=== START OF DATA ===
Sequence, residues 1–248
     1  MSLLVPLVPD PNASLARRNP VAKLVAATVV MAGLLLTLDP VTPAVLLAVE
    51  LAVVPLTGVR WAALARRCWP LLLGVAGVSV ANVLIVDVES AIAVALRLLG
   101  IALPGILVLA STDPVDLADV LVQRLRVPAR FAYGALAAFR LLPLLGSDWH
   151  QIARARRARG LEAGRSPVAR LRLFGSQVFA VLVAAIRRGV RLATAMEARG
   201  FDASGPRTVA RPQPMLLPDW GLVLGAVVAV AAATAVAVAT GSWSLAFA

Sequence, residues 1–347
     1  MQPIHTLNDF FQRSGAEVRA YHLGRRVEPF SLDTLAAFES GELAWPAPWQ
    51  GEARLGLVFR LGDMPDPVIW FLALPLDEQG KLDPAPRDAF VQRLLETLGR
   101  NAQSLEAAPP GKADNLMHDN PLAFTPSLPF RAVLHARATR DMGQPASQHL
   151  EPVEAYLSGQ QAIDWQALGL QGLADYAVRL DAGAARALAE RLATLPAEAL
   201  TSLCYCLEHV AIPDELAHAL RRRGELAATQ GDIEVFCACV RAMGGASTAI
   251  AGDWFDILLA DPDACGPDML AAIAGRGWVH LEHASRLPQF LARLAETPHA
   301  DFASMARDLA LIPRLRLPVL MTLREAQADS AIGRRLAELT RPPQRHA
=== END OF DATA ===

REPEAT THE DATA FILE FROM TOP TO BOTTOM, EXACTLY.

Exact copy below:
Sequence, residues 1–248
     1  MSLLVPLVPD PNASLARRNP VAKLVAATVV MAGLLLTLDP VTPAVLLAVE
    51  LAVVPLTGVR WAALARRCWP LLLGVAGVSV ANVLIVDVES AIAVALRLLG
   101  IALPGILVLA STDPVDLADV LVQRLRVPAR FAYGALAAFR LLPLLGSDWH
   151  QIARARRARG LEAGRSPVAR LRLFGSQVFA VLVAAIRRGV RLATAMEARG
   201  FDASGPRTVA RPQPMLLPDW GLVLGAVVAV AAATAVAVAT GSWSLAFA

Sequence, residues 1–347
     1  MQPIHTLNDF FQRSGAEVRA YHLGRRVEPF SLDTLAAFES GELAWPAPWQ
    51  GEARLGLVFR LGDMPDPVIW FLALPLDEQG KLDPAPRDAF VQRLLETLGR
   101  NAQSLEAAPP GKADNLMHDN PLAFTPSLPF RAVLHARATR DMGQPASQHL
   151  EPVEAYLSGQ QAIDWQALGL QGLADYAVRL DAGAARALAE RLATLPAEAL
   201  TSLCYCLEHV AIPDELAHAL RRRGELAATQ GDIEVFCACV RAMGGASTAI
   251  AGDWFDILLA DPDACGPDML AAIAGRGWVH LEHASRLPQF LARLAETPHA
   301  DFASMARDLA LIPRLRLPVL MTLREAQADS AIGRRLAELT RPPQRHA